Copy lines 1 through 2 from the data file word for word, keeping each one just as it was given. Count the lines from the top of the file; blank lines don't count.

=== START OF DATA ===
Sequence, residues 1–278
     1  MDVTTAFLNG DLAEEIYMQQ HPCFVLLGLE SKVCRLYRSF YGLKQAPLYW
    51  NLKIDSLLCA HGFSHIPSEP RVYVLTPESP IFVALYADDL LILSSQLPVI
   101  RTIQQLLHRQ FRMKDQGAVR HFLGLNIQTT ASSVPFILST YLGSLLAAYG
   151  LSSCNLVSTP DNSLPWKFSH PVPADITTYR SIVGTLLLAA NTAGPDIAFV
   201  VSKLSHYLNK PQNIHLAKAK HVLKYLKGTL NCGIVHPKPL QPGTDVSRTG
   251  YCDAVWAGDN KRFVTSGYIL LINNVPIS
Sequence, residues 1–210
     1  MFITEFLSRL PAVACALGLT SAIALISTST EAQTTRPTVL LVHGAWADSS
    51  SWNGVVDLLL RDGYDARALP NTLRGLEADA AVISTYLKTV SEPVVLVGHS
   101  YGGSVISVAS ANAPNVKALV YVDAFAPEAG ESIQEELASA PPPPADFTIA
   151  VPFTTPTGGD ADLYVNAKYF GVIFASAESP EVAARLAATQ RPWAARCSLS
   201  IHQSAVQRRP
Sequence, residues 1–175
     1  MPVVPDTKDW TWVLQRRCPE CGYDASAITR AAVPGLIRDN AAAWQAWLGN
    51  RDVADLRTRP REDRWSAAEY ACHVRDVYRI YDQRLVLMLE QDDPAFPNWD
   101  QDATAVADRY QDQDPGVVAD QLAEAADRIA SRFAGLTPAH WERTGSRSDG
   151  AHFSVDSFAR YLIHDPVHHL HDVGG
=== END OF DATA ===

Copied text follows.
Sequence, residues 1–278
     1  MDVTTAFLNG DLAEEIYMQQ HPCFVLLGLE SKVCRLYRSF YGLKQAPLYW